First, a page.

5 Stars Out Of 5
"A small casket stored with many jewels"
January 1, 2014
Samuel Rutherford, a Scottish preacher and contemporary of Shakespeare, gives here some of the finest expressions of love and faith and rejoicing in the loveliness of Christ. This book, given to me as a gift, was my first introduction to Samuel Rutherford, and I was refreshed and blessed by his unique way of putting things.
The Loveliness of Christ is a collection of quotes from a "well-marked, much-loved copy of his Letters," compiled by Ellen S. Lister in 1909. The quotes are pithy, deep, and full of a contagious delight in the all-surpassing loveliness that does indeed emanate from Christ but that so few actually see. Rutherford had clearer eyes than most.
This book would be my first choice for a gift for a person passing through deep grief. In the past, I have given C.S. Lewis's book, A Grief Observed, when someone lost a loved one, but the tone of that book is one of doubt, hurt, and loneliness that seems to only offer comfort in a "misery-loves-company" type of way. The Loveliness of Christ, on the other hand, is gentle, healing, and full of grace. It comes from a man who passed through grief, found healing, drank deep from the well of living water, and stood with his bucket ready to fill the cups of the thirsty. He pulls no punches, but in doing so, he offers real healing, solid ground to stand on, and a firm lifeline to the overwhelmed soul, rather than meaningless sentimental phrases that give neither offense nor life.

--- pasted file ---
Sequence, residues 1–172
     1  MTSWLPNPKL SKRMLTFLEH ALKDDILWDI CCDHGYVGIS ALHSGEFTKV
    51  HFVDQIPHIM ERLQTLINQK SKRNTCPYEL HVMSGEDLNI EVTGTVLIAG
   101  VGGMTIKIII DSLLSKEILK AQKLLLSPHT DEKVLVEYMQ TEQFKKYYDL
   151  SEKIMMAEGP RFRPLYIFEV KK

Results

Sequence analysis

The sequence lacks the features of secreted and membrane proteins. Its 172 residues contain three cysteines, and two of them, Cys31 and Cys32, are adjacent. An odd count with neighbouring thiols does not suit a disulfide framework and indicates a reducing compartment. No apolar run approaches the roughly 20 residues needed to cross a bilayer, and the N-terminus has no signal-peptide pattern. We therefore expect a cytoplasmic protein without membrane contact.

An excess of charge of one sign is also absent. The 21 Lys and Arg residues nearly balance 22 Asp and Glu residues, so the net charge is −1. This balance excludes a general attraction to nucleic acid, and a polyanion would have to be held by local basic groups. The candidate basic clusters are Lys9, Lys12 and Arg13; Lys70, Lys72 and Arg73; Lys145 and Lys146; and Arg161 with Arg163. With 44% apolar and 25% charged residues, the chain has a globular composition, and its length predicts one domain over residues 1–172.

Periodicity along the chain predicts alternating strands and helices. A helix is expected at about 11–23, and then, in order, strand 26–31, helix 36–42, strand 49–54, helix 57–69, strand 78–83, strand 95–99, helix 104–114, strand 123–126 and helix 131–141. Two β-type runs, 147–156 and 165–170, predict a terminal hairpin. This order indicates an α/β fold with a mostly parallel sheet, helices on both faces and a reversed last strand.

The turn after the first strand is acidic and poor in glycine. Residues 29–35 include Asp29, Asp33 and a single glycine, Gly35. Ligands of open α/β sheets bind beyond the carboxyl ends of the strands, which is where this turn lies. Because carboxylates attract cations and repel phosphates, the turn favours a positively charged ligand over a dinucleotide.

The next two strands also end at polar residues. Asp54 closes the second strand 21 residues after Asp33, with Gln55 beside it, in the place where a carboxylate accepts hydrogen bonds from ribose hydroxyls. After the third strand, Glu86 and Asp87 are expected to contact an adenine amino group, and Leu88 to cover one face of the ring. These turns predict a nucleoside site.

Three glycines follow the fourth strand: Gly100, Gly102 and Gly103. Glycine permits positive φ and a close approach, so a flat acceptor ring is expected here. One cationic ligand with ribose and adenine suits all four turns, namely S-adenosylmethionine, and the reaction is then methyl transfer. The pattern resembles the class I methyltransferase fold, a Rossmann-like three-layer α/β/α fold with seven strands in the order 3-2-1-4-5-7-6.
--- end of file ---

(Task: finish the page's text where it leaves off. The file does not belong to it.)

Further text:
The dated English (and some Scottish words, e.g. "bairns") does not detract from the message or the understanding of Rutherford's work, but rather enhances the beauty and poetry of his writing. The glossary in the back offers a succinct and helpful definition of words like fash, sibber, and toom, but in most cases, the meaning of the words can be deduced from the context. For example:
"O, pity for evermore that there should be such an one as Christ Jesus, so boundless, so bottomless, and so incomparable in infinite excellency, and sweetness, and so few to take him! O, ye poor dry and dead souls, why will ye come hither with your toom vessels and your empty souls to this huge, and fair, and sweet well of life, and fill all your toom vessels? O, that Christ should be so large in sweetness and worth, and we so narrow, pinched, so ebb, and so void of all happiness, and yet men will not take him! They lose their love miserably, who will not bestow it upon this lovely One."
(Glossary: Toom = empty, ebb = shallow. Both of these could have been guessed by the context.)
This book whets my appetite for more of Samuel Rutherford. Most of all, however, it whets my appetite for more of Christ, and when a book can do that, it's a keeper.